With the changes I was experiencing, I felt my quality of life begin to suffer. What time I had to be productive was limited and it always seemed to come with some kind of struggle. Last fall I began sorting through my closets and drawers, trying to make life easier, by getting rid of the clutter.
My place is so small this task should have been quick and easy, but I have lived with the mess of it and the time it’s taken to get it done. Since that time I have managed to take two carloads of ‘stuff’ to the Blue Box, and garbaged a lot more.
It took months, but I have made some changes to my living space that make life easier for me. I moved the printer up to eye level, saving the bending and eye strain when it was on a lower shelf. I reorganized the coat closet, and have my hat and mitts in a handier spot, along with my cleaning supplies, the garbage bags, etc.
I cleaned out my drawers and closet with that old rule in mind, if it hasn’t been worn in the last year, get rid of it, and I was fairly compliant.
My bed is high off the floor, with six drawers underneath, more bending and cursing when the comforter got in the way. I bought a tall, narrow cabinet with four shelves (that my son kindly picked up, put together and positioned in place), and moved all my fleece jackets, sweats and sweaters into it, along with all my jeans and comfy pants. The drawers now hold my stash of yarn. Works for me, and in the process I found clothes I’d forgotten about in those bottom drawers.
I also gained hanging space in the closet, from where the fleece items were hung, and with a couple of those space-saving multiple hangar things my son gave me.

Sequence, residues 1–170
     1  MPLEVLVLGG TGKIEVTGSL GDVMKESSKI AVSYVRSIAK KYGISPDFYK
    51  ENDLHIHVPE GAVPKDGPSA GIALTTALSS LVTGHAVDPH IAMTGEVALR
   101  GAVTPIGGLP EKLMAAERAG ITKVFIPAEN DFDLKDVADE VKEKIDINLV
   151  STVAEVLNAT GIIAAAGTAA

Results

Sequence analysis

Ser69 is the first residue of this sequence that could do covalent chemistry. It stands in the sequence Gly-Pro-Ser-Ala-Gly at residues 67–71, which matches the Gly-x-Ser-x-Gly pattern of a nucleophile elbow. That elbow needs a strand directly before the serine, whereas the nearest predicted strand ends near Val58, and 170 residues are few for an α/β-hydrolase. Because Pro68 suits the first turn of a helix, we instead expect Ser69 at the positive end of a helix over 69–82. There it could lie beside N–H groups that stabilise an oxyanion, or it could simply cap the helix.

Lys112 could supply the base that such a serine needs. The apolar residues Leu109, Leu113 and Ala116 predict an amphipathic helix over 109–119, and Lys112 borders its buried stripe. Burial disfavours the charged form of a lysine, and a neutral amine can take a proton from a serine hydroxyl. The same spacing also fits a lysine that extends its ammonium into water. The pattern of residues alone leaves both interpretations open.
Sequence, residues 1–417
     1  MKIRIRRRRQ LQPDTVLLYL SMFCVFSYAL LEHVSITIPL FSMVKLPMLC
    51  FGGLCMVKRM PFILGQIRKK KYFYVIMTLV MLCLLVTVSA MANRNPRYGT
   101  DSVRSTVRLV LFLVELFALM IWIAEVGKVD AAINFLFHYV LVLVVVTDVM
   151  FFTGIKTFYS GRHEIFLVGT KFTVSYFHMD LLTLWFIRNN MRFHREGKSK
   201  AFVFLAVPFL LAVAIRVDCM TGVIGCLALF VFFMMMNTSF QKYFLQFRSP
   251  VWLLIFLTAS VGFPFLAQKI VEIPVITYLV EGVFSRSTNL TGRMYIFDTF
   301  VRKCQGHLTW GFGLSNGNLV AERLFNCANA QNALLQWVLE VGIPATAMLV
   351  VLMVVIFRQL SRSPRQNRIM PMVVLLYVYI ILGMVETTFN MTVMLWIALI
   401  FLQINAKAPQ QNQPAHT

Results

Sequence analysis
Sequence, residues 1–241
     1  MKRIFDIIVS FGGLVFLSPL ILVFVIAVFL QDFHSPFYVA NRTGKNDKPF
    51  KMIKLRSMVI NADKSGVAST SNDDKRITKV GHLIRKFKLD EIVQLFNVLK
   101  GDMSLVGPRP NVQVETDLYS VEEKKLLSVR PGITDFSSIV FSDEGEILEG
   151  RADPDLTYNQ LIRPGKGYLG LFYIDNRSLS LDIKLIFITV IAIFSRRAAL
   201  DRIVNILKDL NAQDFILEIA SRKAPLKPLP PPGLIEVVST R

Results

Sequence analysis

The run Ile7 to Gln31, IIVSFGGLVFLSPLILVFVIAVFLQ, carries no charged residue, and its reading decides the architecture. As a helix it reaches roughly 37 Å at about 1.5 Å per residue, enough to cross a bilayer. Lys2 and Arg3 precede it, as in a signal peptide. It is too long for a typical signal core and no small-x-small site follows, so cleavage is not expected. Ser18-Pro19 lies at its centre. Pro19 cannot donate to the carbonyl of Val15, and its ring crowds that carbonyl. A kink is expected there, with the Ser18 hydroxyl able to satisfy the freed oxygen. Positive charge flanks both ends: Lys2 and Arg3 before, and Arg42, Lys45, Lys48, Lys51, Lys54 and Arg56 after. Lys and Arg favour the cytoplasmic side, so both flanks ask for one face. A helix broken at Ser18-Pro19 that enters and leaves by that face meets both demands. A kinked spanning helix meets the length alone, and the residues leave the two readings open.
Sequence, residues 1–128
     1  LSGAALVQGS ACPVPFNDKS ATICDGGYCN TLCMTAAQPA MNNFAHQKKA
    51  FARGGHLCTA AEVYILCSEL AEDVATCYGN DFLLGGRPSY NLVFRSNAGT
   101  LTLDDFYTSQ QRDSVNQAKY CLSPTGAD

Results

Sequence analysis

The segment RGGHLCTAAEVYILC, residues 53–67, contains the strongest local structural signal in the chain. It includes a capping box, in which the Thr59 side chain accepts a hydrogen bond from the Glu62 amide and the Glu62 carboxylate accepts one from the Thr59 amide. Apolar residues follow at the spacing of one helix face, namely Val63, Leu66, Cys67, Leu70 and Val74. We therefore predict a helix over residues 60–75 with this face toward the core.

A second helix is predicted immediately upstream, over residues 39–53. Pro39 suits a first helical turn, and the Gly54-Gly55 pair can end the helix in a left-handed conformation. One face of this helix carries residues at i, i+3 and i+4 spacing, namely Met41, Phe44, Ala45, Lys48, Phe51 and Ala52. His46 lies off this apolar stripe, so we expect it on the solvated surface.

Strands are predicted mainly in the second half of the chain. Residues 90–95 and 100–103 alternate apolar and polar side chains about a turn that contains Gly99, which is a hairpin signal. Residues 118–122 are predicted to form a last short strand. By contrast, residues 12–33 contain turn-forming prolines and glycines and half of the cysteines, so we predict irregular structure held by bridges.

In the kitchen, I put everything possible into baskets, so instead of reaching and sorting through the cupboard, I can pull down the basket and find what I want. I rid the shelves of all the outdated stuff that I had saved for that someday I might bake or cook with some creativity. Not going to happen, not anymore. The things I use are now within reach.
A good start, and a smart move looking ahead. Now the biggest obstacle is to move the phone within reach from the bed. I haven’t quite figured that one out. If one of the kids call and I take a bit of time to answer, they know I was still in bed, or had gone back to bed. I’m faster and the phone is closer in my chair.
Looking after me, finally.
Thursday, 18 February 2016
It was frustrating to say the least, to find myself, if not exactly bedridden, spending so much time in bed. I read and watched television, but that was about it. This behavior did not allow me much time or energy for being creative.
I had forced the issue all fall, painting, crafting, and crocheting, as a way of avoiding what was happening. I would work a bit, sit, nap, do a bit more, but now I had another symptom, and needed to see the doctor.
I was experiencing pain at the base of my throat, felt a fullness that was bothersome, but not choking. This feeling came and went, worse when tired? I wasn’t sure.